Constructed Wetlands Suitability for Sugarcane Profitability, Freshwater Biodiversity and Ecosystem Services

Canning, Adam D., Smart, James C.R., Dyke, Joshua, Curwen, Graeme, Hasan, Syezlin, and Waltham, Nathan J. (2023) Constructed Wetlands Suitability for Sugarcane Profitability, Freshwater Biodiversity and Ecosystem Services. Environmental Management, 71. pp. 304-320.

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Freshwater ecosystems, such as wetlands, are among the most impacted by agricultural expansion and intensification through extensive drainage and pollution. There is a pressing need to identify ways of managing agricultural landscapes to ensure food and water security without jeopardising biodiversity and other environmental benefits. Here we examine the potential fish biodiversity and landholder financial benefits arising from the integration of constructed lagoons to improve drainage, flow regulation and habitat connectivity within a sugarcane dominated catchment in north Queensland, Australia. A hybrid approach was used, combining the findings of both fish ecological surveys and a financial cost-benefit analysis. We found that the constructed lagoons supported at least 36 native freshwater fishes (over half of all native freshwater fishes in the region), owing to their depth, vegetated margins, moderate water quality and high connectivity to the Tully River. In addition to biodiversity benefits, we estimated that surrounding sugarcane farms would have financially benefited from reduced flooding of cropland and the elevation of low-lying cropland with deposited spoil excavated from lagoon construction. Improved drainage and flow regulation allowed for improvement in sugarcane yield and elevated land increased gross margins from extending the length of the cane production cycle or enabling a switch from cattle grazing to cane production. Restoring or creating wetlands to reduce flooding in flood-prone catchments is a globally applicable model that could improve both agricultural productivity and aquatic biodiversity, while potentially increasing farm income by attracting payments for provision of ecosystem services.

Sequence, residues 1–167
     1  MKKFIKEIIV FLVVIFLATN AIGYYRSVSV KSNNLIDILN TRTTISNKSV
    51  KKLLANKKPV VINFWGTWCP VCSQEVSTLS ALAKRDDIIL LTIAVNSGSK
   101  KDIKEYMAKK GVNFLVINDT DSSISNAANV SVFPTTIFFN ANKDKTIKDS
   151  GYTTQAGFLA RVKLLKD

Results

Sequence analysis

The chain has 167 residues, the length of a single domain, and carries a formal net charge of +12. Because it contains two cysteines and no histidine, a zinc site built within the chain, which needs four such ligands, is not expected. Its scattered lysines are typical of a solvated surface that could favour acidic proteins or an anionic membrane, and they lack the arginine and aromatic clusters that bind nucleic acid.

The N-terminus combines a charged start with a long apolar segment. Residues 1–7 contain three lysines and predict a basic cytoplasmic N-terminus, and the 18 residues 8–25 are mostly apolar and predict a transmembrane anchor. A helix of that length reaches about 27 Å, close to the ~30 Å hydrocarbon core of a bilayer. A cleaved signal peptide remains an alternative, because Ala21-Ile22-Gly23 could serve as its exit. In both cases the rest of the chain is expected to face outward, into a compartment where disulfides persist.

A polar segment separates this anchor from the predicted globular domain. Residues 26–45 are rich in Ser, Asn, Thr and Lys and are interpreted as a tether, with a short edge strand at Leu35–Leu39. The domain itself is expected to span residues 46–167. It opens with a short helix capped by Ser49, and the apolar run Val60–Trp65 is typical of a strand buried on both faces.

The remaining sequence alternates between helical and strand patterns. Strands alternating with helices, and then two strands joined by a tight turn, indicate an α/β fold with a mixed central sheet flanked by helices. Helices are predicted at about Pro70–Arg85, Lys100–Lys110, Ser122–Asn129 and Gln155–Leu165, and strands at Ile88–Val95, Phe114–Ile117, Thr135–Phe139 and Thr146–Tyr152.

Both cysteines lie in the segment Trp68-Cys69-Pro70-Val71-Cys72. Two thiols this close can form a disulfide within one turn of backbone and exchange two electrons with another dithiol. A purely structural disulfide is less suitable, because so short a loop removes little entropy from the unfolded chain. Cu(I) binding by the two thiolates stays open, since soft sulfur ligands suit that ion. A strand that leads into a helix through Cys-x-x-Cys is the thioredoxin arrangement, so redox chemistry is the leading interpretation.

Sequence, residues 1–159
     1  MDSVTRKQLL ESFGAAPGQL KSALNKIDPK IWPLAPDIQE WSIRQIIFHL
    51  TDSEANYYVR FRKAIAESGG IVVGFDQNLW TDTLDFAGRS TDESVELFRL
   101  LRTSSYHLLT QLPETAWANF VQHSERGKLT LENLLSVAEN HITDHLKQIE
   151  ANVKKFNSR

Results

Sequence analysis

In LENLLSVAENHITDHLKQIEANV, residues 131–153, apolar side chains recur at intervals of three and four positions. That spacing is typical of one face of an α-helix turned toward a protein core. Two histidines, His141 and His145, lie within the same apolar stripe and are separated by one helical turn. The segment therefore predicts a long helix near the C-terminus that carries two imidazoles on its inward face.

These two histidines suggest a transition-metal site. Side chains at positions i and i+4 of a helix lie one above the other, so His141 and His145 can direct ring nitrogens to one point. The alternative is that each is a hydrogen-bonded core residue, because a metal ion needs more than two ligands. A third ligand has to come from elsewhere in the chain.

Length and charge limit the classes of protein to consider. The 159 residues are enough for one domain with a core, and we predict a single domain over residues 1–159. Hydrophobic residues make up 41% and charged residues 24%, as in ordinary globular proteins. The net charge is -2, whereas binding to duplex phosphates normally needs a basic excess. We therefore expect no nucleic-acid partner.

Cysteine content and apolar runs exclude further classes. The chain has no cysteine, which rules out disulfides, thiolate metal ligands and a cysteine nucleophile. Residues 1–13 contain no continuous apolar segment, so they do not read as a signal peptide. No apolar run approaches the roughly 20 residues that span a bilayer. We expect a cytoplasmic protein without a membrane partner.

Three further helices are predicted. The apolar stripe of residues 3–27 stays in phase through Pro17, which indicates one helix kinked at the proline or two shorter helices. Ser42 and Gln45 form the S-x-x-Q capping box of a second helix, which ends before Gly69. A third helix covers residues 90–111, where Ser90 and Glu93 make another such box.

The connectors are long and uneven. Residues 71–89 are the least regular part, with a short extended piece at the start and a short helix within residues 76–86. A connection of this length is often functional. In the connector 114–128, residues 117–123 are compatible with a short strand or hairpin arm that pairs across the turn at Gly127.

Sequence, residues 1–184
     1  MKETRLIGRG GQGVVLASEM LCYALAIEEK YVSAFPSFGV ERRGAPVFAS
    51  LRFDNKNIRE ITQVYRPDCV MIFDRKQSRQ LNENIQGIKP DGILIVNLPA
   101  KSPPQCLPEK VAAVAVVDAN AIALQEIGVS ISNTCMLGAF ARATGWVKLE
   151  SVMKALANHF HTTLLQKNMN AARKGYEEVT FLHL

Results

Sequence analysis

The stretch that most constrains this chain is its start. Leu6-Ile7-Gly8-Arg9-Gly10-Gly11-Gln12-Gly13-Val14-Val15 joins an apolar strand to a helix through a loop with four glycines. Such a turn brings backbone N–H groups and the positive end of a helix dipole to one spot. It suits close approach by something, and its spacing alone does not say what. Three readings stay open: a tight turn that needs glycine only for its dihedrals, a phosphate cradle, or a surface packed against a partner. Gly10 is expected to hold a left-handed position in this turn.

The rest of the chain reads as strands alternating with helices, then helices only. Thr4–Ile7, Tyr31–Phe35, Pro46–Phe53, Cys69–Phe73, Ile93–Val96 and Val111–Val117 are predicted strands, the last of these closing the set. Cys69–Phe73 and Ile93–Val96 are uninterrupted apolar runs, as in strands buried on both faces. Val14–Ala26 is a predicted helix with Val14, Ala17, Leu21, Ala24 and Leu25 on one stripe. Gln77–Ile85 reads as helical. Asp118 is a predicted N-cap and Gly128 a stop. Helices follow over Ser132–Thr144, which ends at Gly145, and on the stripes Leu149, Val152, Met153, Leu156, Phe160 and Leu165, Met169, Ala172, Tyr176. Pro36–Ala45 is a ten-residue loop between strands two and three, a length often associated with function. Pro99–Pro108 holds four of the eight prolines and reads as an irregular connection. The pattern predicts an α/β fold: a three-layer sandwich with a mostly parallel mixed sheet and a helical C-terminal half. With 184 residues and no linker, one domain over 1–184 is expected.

Item ID: 77086
Item Type: Article (Research - C1)
ISSN: 1432-1009
Keywords: Restoration, Flood reduction, Flow regulation, Fish habitat, Crop production
Copyright Information: This article is licensed under a Creative Commons Attribution 4.0 International License, which permits use, sharing, adaptation, distribution and reproduction in any medium or format, as long as you give appropriate credit to the original author(s) and the source, provide a link to the Creative Commons license, and indicate if changes were made. The images or other third party material in this article are included in the article’s Creative Commons license, unless indicated otherwise in a credit line to the material. If material is not included in the article’s Creative Commons license and your intended use is not permitted by statutory regulation or exceeds the permitted use, you will need to obtain permission directly from the copyright holder. To view a copy of this license, visit
Date Deposited: 15 Dec 2022 04:31
FoR Codes: 41 ENVIRONMENTAL SCIENCES > 4104 Environmental management > 410401 Conservation and biodiversity @ 30%
41 ENVIRONMENTAL SCIENCES > 4104 Environmental management > 410404 Environmental management @ 30%
31 BIOLOGICAL SCIENCES > 3103 Ecology > 310305 Marine and estuarine ecology (incl. marine ichthyology) @ 40%
SEO Codes: 18 ENVIRONMENTAL MANAGEMENT > 1802 Coastal and estuarine systems and management > 180203 Coastal or estuarine biodiversity @ 50%
18 ENVIRONMENTAL MANAGEMENT > 1805 Marine systems and management > 180507 Rehabilitation or conservation of marine environments @ 50%
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